Sunday, December 21, 2014

Conversations with Parents – Part 1– The Dilemma

I am in Chittorgarh, Rajasthan. A training session will start at 10 am.  Over hundred students from a masters program in business are expected to attend the talk.

The talk was about falling in love with learning, finding your passion and working on it from a young age.  I had to deliver the talk in a mixture of Hindi and English. Most of the students at the university came from the rural towns and villages around Mewar. But this made them no different from the students in urban cities. 

During the session, I realized how many of them were so intelligent in a variety of different ways. But it must be so hard for them, to work through a system that respected only a few types of intelligences. How do we get our parents support for the field we are interested in? Let us try finding out.

The Only Valid Path

In most Indian communities at that time, becoming an engineer or doctor was the most preferred option. For many young people, their options ended there. I knew that they family pressure to earn quickly. So it was hard to fully explore your interests in this context. We need to free the physiological and security needs, to inspire the self actualization and psychological inner drive.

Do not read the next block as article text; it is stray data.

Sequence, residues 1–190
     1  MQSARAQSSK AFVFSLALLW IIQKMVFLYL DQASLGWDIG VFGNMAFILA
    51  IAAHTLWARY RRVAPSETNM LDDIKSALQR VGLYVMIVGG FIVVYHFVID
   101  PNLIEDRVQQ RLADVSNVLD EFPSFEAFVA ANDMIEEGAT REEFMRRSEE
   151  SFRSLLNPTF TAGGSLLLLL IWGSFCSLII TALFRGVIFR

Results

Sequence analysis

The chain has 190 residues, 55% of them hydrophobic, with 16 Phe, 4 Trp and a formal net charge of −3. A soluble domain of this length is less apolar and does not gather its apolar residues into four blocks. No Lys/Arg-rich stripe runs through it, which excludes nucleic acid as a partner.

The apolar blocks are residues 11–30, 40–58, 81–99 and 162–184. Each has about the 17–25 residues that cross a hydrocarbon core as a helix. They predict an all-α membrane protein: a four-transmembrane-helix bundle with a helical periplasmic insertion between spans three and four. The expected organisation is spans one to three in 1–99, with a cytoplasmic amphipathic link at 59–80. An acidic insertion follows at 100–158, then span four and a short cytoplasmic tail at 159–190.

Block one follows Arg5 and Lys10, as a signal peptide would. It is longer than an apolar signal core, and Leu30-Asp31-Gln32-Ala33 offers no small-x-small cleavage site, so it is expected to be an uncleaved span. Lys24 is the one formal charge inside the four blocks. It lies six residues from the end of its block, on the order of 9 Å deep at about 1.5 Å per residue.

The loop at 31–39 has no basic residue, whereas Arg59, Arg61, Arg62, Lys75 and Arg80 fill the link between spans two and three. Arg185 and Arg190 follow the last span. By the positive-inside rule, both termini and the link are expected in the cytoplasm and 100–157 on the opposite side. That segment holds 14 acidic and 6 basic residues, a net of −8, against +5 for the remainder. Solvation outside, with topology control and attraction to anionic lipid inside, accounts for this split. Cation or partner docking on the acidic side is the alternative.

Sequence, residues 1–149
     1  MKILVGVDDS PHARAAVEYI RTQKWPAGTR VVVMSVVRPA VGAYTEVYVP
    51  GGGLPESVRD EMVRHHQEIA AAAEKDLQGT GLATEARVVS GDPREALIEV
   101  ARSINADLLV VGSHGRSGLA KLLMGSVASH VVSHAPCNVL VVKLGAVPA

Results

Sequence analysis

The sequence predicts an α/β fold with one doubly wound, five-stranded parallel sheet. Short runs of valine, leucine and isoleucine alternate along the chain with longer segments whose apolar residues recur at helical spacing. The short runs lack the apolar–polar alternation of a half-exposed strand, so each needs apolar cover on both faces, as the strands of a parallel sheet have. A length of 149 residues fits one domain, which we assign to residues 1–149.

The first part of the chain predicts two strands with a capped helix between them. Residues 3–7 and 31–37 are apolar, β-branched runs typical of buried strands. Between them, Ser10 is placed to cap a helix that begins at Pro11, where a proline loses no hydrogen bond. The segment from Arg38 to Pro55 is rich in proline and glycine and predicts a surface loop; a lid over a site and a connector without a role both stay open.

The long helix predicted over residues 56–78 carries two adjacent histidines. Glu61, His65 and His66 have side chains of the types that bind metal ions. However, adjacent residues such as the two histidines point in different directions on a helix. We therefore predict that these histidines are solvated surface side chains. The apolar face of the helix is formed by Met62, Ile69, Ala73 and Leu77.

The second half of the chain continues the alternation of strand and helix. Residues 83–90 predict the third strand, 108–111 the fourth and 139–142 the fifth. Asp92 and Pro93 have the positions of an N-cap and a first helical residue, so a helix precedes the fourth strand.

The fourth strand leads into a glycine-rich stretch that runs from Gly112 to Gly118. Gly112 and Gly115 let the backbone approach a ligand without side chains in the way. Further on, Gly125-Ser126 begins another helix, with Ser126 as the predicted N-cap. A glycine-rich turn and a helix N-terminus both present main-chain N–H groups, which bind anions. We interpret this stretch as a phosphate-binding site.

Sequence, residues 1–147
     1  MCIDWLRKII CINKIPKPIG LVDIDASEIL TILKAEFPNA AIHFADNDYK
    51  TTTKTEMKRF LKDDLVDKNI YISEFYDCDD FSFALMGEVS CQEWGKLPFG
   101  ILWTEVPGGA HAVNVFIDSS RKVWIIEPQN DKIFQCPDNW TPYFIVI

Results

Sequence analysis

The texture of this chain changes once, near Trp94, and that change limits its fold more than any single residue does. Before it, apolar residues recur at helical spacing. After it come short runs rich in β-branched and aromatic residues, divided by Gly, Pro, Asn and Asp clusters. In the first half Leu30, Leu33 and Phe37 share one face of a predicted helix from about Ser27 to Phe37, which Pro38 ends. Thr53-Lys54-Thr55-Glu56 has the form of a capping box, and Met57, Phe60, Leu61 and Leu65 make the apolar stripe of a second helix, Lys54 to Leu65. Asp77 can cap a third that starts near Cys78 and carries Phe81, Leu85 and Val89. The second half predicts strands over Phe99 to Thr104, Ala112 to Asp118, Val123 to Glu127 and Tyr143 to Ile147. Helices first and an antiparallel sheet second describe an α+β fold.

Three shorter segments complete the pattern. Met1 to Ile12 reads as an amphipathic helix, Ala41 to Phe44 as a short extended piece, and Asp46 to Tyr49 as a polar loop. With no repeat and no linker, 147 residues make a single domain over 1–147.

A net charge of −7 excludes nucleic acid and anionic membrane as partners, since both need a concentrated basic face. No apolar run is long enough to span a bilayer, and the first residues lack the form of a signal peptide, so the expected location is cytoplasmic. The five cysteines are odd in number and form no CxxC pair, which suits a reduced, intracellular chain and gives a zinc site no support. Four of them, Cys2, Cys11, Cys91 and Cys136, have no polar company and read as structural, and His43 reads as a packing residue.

Every Parent wants the best education for their Child

I also remember having a conversation with a parent from the Indo- Brazil Chamber of Commerce at a conference in Mumbai. He described how his son would not get access to the best resources in India, because he was an average student. The best students get into top colleges like IIT, IIM, AIIMS and more, while students in between have to settle for institutes that don’t match up to institutes on a world level.

I was very frustrated when he told me that, he had no option but to send his son abroad to a university in the USA. There are very few world class institutes in India. The smartest students in some special institutes have the benefit of a world class learning center there. But millions of other students across India are forced to settle for much less.

What about the parents that cannot afford a high quality foreign educational program for their children?

Some parents can afford to send their children abroad, like my friend from the Indo-Brazil Chamber of Commerce. They will not settle for less even if their child cannot get into an IIT or IIM. But most parents in India, and other developing nations cannot afford to do so.

Where do they go?

Let us Learn Together
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